When building a cocktail at home, you have your staples: Fresh fruit juices, liqueurs, mixers. But did you know that one of the most fun, flavorful ingredients for an amazing cocktail is actually already in your cupboard? From black tea to a more fruity variety, using tea in a cocktail, both hot or cold, makes for a unique tipple without much work.
“I’m a huge fan of tea in cocktails,” says Charles Joly, a World-recognized bartender and cocktail entrepreneur. “It’s been one of my favorite ingredients for as long as I can remember. There are pretty limitless flavor profiles and it’s a great place to look when fresh produce may be out of season.”
Joly explains that tea is versatile, with flavor profiles ranging from grassy green, to deep oolong, smoky lapsang, floral herbal teas, Chai spices. This, he says, makes it easy to create cocktails with a multitude of spirits.
“I love chamomile with gin or pisco. Green tea and scotch whisky are lovely,
as is a very popular combination throughout Asia. Chai with bourbon or aged tequila is an easy pairing. There are so many flavor combinations out there,” says Joly.
However, he notes that any at-home bartender should be familiar with the flavor profiles of the tea they want to use when building a cocktail to ensure the result is optimal.
“For example, [a] hibiscus is quite tart/tangy when dried and not particularly perfumey. Something like Chai has really bold flavors, and those baking spice notes are going to become quite prevalent,” he says.
The type of tea selected should also match the beverage you’re making. A hot or more robustly-flavored sipper in the Fall or Winter, a stronger tea would be perfect. For a delicate adult beverage, using a less potent type of tea would be the best bet.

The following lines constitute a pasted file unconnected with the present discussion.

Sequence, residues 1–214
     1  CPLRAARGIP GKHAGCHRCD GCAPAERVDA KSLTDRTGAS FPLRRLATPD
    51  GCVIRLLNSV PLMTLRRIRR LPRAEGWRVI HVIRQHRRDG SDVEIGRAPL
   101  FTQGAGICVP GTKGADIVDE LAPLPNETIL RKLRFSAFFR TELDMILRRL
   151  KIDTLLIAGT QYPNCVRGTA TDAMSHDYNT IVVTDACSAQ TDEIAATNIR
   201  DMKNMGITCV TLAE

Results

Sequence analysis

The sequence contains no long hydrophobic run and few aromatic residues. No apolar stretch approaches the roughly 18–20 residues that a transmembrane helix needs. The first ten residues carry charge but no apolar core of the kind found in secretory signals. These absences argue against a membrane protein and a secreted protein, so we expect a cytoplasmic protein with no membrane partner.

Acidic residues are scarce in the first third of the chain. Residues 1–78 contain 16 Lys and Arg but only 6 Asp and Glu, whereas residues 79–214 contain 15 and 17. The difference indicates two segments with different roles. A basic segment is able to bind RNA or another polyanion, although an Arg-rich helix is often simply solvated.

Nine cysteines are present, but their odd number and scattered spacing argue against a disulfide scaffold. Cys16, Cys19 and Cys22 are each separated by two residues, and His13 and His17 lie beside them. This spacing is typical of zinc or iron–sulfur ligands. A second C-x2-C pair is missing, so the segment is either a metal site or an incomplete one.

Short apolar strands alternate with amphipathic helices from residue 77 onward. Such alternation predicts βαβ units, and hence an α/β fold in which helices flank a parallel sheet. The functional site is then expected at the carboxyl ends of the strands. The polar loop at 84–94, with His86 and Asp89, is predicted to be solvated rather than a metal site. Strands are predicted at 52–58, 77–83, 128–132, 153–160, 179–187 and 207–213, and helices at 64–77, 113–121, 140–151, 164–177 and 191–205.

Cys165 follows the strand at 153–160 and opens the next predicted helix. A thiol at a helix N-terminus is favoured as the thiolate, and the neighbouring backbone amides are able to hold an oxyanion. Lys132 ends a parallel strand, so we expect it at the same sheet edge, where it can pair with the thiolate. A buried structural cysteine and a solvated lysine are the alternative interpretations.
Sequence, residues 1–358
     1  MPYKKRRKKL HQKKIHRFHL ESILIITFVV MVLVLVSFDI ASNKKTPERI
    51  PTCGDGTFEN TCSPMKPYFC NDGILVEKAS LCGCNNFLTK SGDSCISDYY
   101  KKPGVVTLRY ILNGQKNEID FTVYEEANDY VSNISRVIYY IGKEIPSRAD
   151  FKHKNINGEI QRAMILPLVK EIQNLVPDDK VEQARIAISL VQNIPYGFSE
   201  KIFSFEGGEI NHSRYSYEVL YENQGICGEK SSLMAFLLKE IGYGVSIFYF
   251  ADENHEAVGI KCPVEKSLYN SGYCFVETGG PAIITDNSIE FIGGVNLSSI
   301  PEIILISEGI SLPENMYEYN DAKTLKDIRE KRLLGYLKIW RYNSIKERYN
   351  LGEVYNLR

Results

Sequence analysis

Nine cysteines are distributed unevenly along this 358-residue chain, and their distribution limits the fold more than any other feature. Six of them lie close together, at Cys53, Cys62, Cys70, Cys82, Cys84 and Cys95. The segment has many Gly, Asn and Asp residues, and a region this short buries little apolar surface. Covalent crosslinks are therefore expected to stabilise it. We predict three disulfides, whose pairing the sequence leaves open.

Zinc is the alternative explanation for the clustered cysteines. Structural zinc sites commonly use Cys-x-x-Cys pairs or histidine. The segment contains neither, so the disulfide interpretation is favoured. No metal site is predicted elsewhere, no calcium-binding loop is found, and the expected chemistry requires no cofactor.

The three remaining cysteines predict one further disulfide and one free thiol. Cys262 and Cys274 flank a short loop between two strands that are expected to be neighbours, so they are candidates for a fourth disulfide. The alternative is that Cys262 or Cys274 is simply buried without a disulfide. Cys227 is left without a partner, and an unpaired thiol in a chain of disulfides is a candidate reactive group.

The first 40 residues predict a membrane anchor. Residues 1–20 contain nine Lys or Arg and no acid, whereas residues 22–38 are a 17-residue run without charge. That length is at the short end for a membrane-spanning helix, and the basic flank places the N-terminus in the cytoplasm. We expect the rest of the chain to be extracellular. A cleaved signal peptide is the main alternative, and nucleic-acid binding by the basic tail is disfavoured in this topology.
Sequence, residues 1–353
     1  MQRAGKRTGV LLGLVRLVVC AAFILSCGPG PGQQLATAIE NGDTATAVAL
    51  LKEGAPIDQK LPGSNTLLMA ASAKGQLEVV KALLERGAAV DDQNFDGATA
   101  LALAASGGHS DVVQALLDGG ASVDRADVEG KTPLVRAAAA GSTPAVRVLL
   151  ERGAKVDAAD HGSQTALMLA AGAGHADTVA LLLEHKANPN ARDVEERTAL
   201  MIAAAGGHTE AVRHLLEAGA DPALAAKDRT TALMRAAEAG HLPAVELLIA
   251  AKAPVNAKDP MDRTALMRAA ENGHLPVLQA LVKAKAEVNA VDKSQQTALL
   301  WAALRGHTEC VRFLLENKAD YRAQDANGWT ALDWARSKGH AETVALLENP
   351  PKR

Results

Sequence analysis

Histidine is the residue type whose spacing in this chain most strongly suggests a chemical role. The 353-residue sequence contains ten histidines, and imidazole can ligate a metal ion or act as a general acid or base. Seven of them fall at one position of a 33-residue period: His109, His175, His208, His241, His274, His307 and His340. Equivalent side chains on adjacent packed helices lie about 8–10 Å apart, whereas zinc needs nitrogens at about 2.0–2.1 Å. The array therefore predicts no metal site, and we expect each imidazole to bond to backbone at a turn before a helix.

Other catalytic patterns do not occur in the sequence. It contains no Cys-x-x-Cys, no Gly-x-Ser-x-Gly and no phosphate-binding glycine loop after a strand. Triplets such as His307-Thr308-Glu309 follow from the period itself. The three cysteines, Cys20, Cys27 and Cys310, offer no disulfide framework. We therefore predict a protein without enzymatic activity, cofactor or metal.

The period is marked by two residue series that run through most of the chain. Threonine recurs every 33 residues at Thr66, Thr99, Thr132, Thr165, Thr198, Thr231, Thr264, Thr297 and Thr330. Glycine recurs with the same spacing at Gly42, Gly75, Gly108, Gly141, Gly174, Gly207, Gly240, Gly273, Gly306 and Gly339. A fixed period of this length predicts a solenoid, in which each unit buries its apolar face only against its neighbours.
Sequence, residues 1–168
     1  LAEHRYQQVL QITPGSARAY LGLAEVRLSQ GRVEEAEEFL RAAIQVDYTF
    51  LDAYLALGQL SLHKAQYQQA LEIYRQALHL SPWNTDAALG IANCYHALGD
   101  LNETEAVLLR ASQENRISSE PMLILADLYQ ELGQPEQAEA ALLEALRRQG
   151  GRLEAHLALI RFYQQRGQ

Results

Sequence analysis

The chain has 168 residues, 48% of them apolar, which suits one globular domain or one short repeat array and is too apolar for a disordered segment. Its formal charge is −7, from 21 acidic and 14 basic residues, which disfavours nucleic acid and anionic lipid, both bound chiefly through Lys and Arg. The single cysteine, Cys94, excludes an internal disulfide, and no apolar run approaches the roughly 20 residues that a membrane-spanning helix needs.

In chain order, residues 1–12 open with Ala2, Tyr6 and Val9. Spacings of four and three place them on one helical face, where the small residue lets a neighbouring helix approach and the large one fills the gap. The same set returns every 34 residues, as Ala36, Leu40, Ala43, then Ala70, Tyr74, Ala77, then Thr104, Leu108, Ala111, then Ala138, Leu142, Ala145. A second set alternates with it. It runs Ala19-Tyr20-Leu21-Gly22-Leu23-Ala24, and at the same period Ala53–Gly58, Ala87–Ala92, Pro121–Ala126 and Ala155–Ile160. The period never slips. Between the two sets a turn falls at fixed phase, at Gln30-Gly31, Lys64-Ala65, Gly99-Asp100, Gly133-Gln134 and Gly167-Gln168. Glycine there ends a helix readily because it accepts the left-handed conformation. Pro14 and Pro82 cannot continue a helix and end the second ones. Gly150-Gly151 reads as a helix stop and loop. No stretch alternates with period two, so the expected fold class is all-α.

And, adds Joly, there are plenty of ways to make a tea-infused cocktail, some of which you can even do ahead of time. He explains that he creates a tea-infused simple syrup, which he says allows you to consistently regulate the flavor as you add it to a cocktail. He also suggested replacing water with tea in certain cocktails, so you’re adding flavor. Speaking of water, creating tea-based ice cubes is another way to boost the flavor profile in a cocktail.
“If I’m making a syrup or ice infusion with tea, I’ll do a more concentrated
flavor so it can stand out once mixed with other ingredients,” he says.
Using loose tea? Joly notes that putting it a disposable tea bag or other infuser is the best way to keep the mixture clean. Or, he says, a French press can come to the rescue, too.
“The French press works nicely in situations when you’re looking for a cocktail infusion. If you hit a point where you want the infusion to slow/stop, you can press the screen down in order to separate most of the liquid from whatever you are infusing. At its most basic, it provides you with a fine strainer built right in when you pour,” he says.